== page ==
Britain's state-controlled Lloyds Banking Group today posted a net loss of £3.124 billion sterling for the first half of the year.
The bank, which is 43% owned by the UK government, said impairments on bad debts rose 'significantly' to £13.4 billion, largely due to HBOS.
LBG's Irish division - Bank of Scotland (Ireland) and Halifax - recorded an impairment loss of £1 billion, representing 3.4% of average loans, a rise from 1.8% in the second half of 2008. Lloyds said there were 'ongoing concerns' about the outlook for the Irish economy.
Lloyds said HBOS's assets accounted for 80% of the impairments. The bank said the fall in property prices over the first six months of the year had a significant effect on the group's results because of the large amount of related loans at HBOS.
It said more conservative assessments of HBOS's commercial property assets meant impairments, which were up from £2.5 billion in 2008, should peak in the first half of the year.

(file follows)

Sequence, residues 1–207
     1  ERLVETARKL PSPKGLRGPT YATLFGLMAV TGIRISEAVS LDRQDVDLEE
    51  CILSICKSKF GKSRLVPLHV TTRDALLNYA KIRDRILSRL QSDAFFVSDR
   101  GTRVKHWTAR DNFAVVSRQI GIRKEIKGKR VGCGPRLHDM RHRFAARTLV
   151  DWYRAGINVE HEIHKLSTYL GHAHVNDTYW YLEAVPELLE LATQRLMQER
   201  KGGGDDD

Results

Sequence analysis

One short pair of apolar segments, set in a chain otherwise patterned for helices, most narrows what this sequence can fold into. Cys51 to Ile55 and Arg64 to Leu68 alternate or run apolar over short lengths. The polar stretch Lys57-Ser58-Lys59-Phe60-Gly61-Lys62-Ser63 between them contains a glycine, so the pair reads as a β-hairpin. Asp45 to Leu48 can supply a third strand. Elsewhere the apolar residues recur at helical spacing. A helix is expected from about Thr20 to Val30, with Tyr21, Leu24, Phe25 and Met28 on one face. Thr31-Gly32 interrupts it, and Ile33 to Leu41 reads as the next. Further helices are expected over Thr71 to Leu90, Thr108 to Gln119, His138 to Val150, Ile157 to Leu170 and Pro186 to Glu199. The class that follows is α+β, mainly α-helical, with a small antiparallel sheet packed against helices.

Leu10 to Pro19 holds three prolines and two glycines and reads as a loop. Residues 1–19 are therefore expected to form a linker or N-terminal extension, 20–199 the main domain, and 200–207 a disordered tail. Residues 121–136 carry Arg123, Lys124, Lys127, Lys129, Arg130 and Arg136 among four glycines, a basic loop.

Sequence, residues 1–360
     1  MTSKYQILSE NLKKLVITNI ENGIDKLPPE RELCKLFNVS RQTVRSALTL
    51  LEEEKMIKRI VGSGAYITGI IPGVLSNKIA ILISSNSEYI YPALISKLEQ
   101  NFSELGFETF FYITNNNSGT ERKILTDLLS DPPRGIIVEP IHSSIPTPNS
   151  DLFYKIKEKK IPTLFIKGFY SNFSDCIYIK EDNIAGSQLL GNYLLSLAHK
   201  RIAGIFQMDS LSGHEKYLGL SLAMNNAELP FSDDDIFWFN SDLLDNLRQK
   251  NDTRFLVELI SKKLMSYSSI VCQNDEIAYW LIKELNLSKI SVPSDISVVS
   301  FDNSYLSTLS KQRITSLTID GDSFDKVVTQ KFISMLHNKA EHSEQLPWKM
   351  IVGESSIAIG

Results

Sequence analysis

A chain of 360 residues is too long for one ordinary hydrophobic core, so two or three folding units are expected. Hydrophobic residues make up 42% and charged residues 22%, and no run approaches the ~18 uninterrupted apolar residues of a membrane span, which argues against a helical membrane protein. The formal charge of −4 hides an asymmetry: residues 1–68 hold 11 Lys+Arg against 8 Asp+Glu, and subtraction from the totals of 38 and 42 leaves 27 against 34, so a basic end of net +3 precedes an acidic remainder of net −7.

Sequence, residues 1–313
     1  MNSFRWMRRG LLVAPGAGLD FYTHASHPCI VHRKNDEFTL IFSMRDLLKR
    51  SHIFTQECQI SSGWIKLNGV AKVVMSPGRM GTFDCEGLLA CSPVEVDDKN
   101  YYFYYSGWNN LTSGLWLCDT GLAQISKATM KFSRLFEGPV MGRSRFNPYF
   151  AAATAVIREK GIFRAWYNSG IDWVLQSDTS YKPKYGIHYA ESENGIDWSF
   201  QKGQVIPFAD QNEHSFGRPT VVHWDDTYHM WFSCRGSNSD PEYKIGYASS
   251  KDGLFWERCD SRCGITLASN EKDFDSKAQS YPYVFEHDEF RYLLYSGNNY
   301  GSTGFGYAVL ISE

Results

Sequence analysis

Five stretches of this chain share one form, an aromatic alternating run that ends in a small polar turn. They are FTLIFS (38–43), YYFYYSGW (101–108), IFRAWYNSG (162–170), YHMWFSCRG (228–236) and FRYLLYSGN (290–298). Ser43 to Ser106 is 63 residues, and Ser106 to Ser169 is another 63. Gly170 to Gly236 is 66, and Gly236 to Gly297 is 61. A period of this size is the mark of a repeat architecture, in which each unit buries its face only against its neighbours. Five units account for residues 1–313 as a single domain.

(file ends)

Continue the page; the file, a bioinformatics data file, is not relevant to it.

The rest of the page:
'Our first half loss was driven by the high levels of impairment,' said group chief executive Eric Daniels.
'The core business delivered a resilient performance, despite the weak economy. We are successfully managing the short-term issues and are well positioned to outperform over the medium term, providing value to our customers and shareholders,' he added.
Group revenues increased by 7% to $11.94 billion in the first half. LBG's interim results were calculated on a pro-forma basis, as if it had already been trading as a combined group.
The company has slashed thousands of jobs since its creation earlier this year when Lloyds TSB bought rival lender HBOS.
HBOS had faced potential collapse as the credit crunch hit its ability to raise funds. It was also saddled with massive losses as a result of high-risk investments which plunged in value amid a fierce recession in Britain.